Government ministers have indicated today (July 21) that the acts of wolf whistling and cat calling could soon be made illegal in England and Wales.
Home Secretary Priti Patel said the government would be “taking action” on a range of safety concerns, with new proposals unveiled as part of the Tackling Violence Against Women and Girls Strategy.
“We will continue to look at gaps in existing law and how an offence for sexual harassment could address those,” Ms Patel told The Times.
The new strategy is said to have been published against a recent backdrop of dismal conviction rates for rape offences. According to the i, less than 2% of cases lead to a conviction last year even though the number of reported incidents are on the rise.
It has been revealed that last year, just 1,439 suspects were convicted of rape and other sexual offences.
This is despite an estimated 128,000 people coming forward with reports.
Writing in the Times, amid reported plans to tackle wolf whistling and cat calling, the Home Secretary added: “We are taking action on street harassment [and] I am committed to ensuring not only that the laws are there, but that they work in practice and women and girls are confident their concerns will be taken seriously.
“It is important that the police enforce the law and give women the confidence that if they report an incident, it will be dealt with.”
Although the Home Secretary has indicated that the government will move to crack down on public sexual harassment, immediate new legislation is not expected to be introduced.
Rose Caldwell – Chief Executive of Plan International UK – said she was “very disappointed” that the strategy does not include the quick implementation of legislation on public sexual harassment, adding: “Without a new law, millions of girls will be left unprotected.
“However, the government has recognised that this is an urgent issue that needs more attention [and we urge it] to quickly deliver its promise to review gaps in the legislation – and then it must commit to a new Public Sexual Harassment Law.”
Prominent campaign group Our Streets Now – which is committed to “ending public sexual harassment in the UK by changing culture and creating a criminal offence” – has also released a statement on Twitter in response to the plans.
They have called it the “big first step” in recognising the “radical changes needed to address public sexual harassment”.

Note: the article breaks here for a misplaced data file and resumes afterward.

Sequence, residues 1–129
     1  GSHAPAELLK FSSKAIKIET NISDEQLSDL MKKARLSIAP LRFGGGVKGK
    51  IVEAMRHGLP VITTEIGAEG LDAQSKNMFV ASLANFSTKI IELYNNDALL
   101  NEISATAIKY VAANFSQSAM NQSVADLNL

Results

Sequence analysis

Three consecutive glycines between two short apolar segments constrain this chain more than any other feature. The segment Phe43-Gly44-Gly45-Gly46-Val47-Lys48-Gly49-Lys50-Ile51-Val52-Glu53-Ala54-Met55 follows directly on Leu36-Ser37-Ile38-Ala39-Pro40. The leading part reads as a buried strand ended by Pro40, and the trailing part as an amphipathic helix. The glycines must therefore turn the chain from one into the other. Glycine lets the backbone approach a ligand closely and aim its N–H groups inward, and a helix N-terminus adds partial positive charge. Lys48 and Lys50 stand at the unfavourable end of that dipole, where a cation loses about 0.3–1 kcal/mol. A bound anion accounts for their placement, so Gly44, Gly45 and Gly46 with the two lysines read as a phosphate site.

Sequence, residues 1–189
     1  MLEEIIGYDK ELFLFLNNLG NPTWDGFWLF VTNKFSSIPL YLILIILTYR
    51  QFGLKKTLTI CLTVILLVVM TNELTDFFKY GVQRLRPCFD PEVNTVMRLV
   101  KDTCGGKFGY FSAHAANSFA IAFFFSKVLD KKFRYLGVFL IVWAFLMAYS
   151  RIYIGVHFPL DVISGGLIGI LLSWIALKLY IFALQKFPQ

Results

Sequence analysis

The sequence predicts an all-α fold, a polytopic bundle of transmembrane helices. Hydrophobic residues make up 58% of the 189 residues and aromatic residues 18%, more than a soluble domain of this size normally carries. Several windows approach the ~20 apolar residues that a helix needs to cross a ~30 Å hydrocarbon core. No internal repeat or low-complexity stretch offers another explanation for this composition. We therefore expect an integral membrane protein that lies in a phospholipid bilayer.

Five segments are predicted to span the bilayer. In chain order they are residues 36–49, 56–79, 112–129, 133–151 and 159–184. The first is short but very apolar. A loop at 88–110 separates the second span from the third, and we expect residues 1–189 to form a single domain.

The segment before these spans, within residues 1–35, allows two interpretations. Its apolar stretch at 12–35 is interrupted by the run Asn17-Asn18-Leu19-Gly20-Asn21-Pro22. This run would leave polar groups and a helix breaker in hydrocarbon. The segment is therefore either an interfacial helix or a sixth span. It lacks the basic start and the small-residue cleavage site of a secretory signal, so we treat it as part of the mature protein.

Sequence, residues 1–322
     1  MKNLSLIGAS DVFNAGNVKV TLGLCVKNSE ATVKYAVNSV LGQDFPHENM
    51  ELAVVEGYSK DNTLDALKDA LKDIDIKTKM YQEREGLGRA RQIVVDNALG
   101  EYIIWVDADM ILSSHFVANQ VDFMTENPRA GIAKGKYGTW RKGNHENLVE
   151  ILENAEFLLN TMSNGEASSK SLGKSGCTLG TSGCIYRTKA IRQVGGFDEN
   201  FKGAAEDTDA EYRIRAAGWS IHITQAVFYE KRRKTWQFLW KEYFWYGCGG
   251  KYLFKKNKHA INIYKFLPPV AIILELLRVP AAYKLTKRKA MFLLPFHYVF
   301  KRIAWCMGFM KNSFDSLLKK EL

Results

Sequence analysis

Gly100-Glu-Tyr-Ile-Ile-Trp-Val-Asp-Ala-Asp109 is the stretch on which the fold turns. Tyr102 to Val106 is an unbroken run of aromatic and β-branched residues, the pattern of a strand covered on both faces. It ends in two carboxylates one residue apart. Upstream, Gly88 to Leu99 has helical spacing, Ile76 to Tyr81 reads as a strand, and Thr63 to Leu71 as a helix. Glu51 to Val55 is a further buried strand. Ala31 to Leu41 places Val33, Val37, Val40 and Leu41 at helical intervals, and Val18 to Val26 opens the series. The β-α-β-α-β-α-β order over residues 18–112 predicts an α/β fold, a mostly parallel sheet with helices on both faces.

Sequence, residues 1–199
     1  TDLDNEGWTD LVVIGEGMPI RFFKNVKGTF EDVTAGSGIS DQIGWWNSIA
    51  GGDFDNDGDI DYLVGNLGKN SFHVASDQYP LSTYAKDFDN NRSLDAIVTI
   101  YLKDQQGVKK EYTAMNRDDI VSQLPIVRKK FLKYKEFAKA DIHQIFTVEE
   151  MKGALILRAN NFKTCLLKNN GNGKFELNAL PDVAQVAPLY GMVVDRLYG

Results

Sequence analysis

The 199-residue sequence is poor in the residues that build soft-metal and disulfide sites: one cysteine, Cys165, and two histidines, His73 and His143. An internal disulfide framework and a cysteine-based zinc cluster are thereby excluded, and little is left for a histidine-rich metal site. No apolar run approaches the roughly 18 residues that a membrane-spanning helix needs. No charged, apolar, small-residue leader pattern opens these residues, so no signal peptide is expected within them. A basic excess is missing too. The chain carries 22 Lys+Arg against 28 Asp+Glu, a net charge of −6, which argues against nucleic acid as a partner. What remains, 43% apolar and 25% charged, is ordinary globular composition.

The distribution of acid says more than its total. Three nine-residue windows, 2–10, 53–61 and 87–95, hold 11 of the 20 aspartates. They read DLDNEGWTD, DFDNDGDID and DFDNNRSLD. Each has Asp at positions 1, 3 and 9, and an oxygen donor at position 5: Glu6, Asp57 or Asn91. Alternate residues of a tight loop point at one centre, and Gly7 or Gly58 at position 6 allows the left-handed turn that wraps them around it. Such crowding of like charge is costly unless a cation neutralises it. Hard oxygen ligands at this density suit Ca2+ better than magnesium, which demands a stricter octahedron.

A number of other women’s groups have also responded.
Andrea Simon – Director of End Violence Against Women Coalition – said: “The seriousness and scale of violence against women warrants radical change and a whole systems approach which has prevention at its heart [and] we welcome the recognition of this in the government’s new strategy.”
She continued: “However, to make this a strategy that delivers change, there must be accountability and the right level of funding that follows all aspects of the work.
“There is a distinct lack of resourcing here that cannot be ignored.”
Also in response to the new proposals, Shadow Home Office Minister Jess Phillips said: “The services and support required to end violence against women and girls cannot run on warm words alone.
“How are we in a situation where we have better protections for statues than for women?”
“The government should step up to the plate and take action rather than more warm words,” she concluded.
A number of other measures announced in the strategy this afternoon include increasing support for victims and survivors, reversing declines in conviction rates, and reducing attacks, as well as further pledges for a new 24/7 rape and sexual assault helpline and two new ‘Violence Against Women and Girls Transport Champions’ who will look at how protection can be offered on public transport.
It has been confirmed that a new ‘StreetSafe’ app will also be launched so women and girls can record areas they feel unsafe.
Featured Image – Pxfuel